Mince the rosemary and thyme with the reconstituted sun dried tomatoes. Place in a medium sized glass bowl. Pull the butternut from the oven and place on chopping board. Coarsely chop, then add to the herbs in the the bowl. Using an immersion blender, blend until integrated, smooth and creamy. Stir in the cinnamon.

Plate the tomatoes cut sides up on the plate (I made this two halves wide, three halves long on each plate).  Add some goats cheese to their slightly dehydrated middles and place a basil leave atop each half.  Place a scoop of the butternut cream across each pair of tomatoes (three scoops per plate) and cover each scoop with a slice of the red bell pepper.  Top with more flecks of the goats cheese and serve.



A Bowl of Sunshine for a Sunday Brunch.



I’m a little bit behind posting after a long, fun weekend away in Auckland.  I didn’t pack any Larabars or other easy traveling food, we just took it as it came (we were a little unprepared in truth!). This led us to enjoy our greens straight from a bag as a snack and consume creamy avocados straight from the skin with a spoon. Some people live like this everyday I know, but for me this was like clearing another square of a condensated window pane.  I kept thinking “Oh! This works!” which coincidentally was the same phrase that came to mind a few days prior to leaving when we put this bright soup together…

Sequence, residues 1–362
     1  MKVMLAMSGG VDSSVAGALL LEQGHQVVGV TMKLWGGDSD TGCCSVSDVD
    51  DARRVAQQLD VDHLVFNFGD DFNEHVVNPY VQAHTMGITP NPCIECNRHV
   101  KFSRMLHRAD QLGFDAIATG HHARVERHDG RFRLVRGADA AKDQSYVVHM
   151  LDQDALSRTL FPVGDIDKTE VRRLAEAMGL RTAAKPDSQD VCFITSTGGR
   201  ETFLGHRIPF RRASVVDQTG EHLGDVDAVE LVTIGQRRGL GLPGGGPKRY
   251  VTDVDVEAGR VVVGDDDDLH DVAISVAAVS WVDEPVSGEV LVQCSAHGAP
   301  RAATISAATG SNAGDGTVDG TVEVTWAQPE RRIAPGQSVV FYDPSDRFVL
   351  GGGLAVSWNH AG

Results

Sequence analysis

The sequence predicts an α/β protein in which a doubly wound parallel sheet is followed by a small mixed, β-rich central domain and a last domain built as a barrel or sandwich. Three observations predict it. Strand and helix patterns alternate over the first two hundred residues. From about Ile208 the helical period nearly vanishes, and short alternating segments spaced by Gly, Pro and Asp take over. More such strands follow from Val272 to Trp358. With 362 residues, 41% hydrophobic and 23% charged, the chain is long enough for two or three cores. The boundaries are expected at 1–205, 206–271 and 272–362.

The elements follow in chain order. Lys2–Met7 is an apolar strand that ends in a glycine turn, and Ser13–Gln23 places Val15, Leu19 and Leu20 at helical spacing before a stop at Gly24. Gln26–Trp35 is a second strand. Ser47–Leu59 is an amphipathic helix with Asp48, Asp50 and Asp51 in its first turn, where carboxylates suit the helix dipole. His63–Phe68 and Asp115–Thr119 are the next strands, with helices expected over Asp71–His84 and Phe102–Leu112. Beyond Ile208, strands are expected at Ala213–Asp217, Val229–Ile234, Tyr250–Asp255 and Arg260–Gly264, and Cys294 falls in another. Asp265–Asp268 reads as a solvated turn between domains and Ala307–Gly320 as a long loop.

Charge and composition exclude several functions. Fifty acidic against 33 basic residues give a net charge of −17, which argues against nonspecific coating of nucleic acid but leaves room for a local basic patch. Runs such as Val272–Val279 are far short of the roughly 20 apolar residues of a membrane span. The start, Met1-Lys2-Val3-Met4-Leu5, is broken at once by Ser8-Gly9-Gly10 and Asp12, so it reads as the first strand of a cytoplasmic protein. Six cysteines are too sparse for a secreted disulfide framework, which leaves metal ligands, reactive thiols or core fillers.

Inspired by a Kristen Suzanne recipe, I pared it down to what we had in our cupboard that morning and took out the nut milk to make it purely fruit based.  It was a gentle start to our day. Kristen’s addition of the orange zest provided a stunningly delicious accent to this soup.

Sunshine Soup

Inspired by Kristen Suzanne‘s Creamy Caribbean Soup

Serves 2.

1 pineapple

2 mangoes

1 tsp coconut extract

1 tsp rum extract